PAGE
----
Bean Mocs

After Mom passed on November 4, my father told me I could take her shoes.  There was a lot to take--from new white Keds to heeled leather boots to slippers--and I took them, taking some comfort in holding her things and imagining her presence.  It took a day, but I tried on all her shoes, and they fit.  I also discovered that her shoes have the same kind of wear as mine.  It was something.

The footbed of your mocs
Molded over time to
The exact shape
Of your solid, sure feet.

These shoes are old, Mom.
The soles are worn to the stitches.
The leather is dull
After years and years
Of your wearing them
In the garden.

They are mine now,
My inheritance:
Shoes for work
Shoes worn from work
Shoes that stand the test of time.

I slide them on:
The footbeds cradles
My solid, square feet.
I take a few steps
And feel the perfect fit
In your shoes, Mom.

I swear I walk faster in these,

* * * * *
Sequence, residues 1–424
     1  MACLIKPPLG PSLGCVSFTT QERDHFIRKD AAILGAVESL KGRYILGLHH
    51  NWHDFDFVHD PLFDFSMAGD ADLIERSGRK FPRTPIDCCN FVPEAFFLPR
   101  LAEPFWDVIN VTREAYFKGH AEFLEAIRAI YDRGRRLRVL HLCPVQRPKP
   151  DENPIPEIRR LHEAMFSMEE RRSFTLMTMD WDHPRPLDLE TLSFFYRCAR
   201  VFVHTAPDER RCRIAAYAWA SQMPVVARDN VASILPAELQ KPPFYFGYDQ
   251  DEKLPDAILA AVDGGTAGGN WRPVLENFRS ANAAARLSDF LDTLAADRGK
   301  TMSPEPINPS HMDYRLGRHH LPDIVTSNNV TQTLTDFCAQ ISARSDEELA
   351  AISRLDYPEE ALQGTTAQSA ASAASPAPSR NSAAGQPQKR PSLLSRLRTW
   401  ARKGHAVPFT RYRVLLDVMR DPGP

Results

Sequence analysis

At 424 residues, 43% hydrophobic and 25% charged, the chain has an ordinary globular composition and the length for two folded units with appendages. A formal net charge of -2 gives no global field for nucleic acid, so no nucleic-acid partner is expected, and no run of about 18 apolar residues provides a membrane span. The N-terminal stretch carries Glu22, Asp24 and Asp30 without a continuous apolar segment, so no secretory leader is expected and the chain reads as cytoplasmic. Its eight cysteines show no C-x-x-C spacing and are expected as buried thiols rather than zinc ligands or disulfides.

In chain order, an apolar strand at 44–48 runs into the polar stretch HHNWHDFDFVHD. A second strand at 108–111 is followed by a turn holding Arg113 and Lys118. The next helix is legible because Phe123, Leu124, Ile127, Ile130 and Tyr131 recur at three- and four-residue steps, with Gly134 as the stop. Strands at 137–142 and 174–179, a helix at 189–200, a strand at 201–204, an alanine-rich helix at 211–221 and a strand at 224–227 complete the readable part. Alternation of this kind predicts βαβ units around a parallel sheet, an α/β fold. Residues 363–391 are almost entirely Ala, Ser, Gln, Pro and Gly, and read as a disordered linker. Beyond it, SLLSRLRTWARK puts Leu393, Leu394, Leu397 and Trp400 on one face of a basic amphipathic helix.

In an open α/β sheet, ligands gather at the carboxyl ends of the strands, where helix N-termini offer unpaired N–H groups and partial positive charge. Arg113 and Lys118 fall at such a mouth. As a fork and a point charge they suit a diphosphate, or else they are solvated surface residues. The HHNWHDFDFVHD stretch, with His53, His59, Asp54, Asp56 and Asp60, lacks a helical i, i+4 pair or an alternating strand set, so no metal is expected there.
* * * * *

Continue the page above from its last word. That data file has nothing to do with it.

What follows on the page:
Zooming the way you always did
To do all the living you could
In a day
In the garden.

I condition the leather,
Massaging this oily compound
Into cowhide a decade old,
Returning to them

I smell the earth in this oil,
And I am in your garden again,
Pruning roses, pulling weeds,
Trimming grasses,
Watering hydrangea
And all the little plants I brought to you.

You found room for everything.

I think of you standing alone
At your bedroom window
Watching me work in your garden
And sometimes calling out a funny word
Or a bit of cheeky advice.
What were you thinking about
Your garden, your daughter, yourself
As you stood tethered to your oxygen machine
At a safe remove from the sun
But so very far from what you loved?

I polish the leather
Until it is darker and shinier
Than Bean ever intended.

I will wear them
And remember you
In your garden.

I will try to fill your shoes.


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